The Sacred Footsteps Mandala tours have been a great success over ten years now, with six previous tours reaching hundreds and hundreds of people throughout Victoria, New South Wales and South Australia. Wherever they go, the monks are greeted warmly and their skills and patience fascinate all who see them.
The 2013 visiting monks arrived in Australia at the beginning of April and the 2013 Tour set out on an extensive tour throughout Victoria and New South Wales with 23 programs ahead of them during their six month stay with Drol Kar Buddhist Centre as their base.
The monks commenced the 2013 Sacred Footsteps Mandala tour with their first Mandala in Box Hill Victoria in the second week in April. They completed a beautiful mandala before moving on to their next engagement at Werribee Plaza Shopping Centre. During the tour the monks had the opportunity to attend His Holiness the Dalai Lama’s teachings in Sydney in June.
The tour continued through until the end of September.
Our sincere thanks to Venerables Kalsang Dhondup, Tashi Gyaltsok and Geleck Palden for coming all the way to Australia to help. They worked very hard and we hope they enjoyed their time in our country.
See the SFT 2013 Itinerary to see where the monks travelled in the tour.
Some images from the tour
Purpose of the Monks’ Visit
•To share some of the most distinctive aspects of Tibetan culture with the people of Australia.
•To promote peace and cross-cultural relationships
•To promote the sponsorship programs Nying Jey Projects for Tibetan Communities (Australia) and help to improve eductional opportunities for young Tibetans in Tibet.
The mandala is a representation of an enlightened being’s place of residence and everything that is contained within it. Each part of the mandala is rich in symbolism and reminds the meditator of the insights
and states of mind and feelings he/she is trying to accomplish.
The exact design and proportions are laid down in ancient Buddhist text. The monks have memorised the text and carefully follow the iconography laid down long ago. Every part of the mandala symbolises different aspects of the teachings and the realisations of the enlightened being whose mandala it is.
Made by pouring fine trails of brightly coloured sand onto a mathematically precise framework, the mandala is a wonder of intricacy and detail. A full mandala takes 7 – 10 days to construct. Simpler forms can be created in 4 – 6 days. After completion, the whole beautiful creation is swept away in a matter of seconds and returned to the waters or the earth to remind us that all things are impermanent.
Chanting and meditation
The monks begin each day a short session of chanting. The deep intonation of the male voices join in unison in prayer creating a soothing and contemplative state of mind for the listener.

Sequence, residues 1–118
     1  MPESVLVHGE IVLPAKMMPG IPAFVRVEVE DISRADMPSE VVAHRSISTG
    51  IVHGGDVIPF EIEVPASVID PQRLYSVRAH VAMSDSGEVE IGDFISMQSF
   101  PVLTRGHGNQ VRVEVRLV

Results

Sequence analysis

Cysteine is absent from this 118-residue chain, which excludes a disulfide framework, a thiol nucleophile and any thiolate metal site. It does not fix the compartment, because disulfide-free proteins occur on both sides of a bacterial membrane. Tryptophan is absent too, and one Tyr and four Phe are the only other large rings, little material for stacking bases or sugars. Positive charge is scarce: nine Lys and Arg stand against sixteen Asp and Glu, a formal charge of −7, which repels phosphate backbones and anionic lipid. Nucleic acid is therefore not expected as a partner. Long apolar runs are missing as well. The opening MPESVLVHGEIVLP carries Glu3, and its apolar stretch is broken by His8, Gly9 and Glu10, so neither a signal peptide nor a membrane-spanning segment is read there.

From the mysterious, magical, intriguing land of Tibet comes a rare opportunity to experience at close quarters the artistry and the traditions of an amazing country and its people.
A visit to your school by the monks can provide students with an unforgettable and unique experience.
The main offering in 2013 is the one day Sand Mandala Experience
A variety of other programs can be included in conjunction with the one day mandala creation: demonstrations of butter sculpture, sand art, Tibetan calligraphy; talks and forums; workshops, sand drawing, butter sculpting, making prayer flags, Tibetan calligraphy, meditation
Other features of the tour
The monks offer a variety of other experiences for a community such as pujas, blessings, private family prayers, Tibetan language and writing classes, participation in forums, cultural exchange, multi-faith events and visits to institutions such as hospitals, prisons, youth and elderly care facilities.
The Sacred Footsteps from the Roof of the World Mandala Tour made many friends over the six months – March to August 2011 – and most importantly achieved one its main goals of promoting sponsorships for Tibetan nuns and students in Tibet and for exiled monks and young people in India. The tour finished in Orange NSW on August 20, and the monks and tour staff returned to Paraparap to unpack the tour materials and spend a few restful days before saying goodbye and returning to India on August 27.
We thank Sonam Rinchen, Sonam Kalsang and Kalsang Dhondup very much for coming such a long way to be a part of this grand undertaking. They did a wonderful job. The mandalas were spectacular and they impressed everyone they met with their patience, discipline and friendliness.
We hope they enjoyed their six months as temporary ‘Aussie monks’.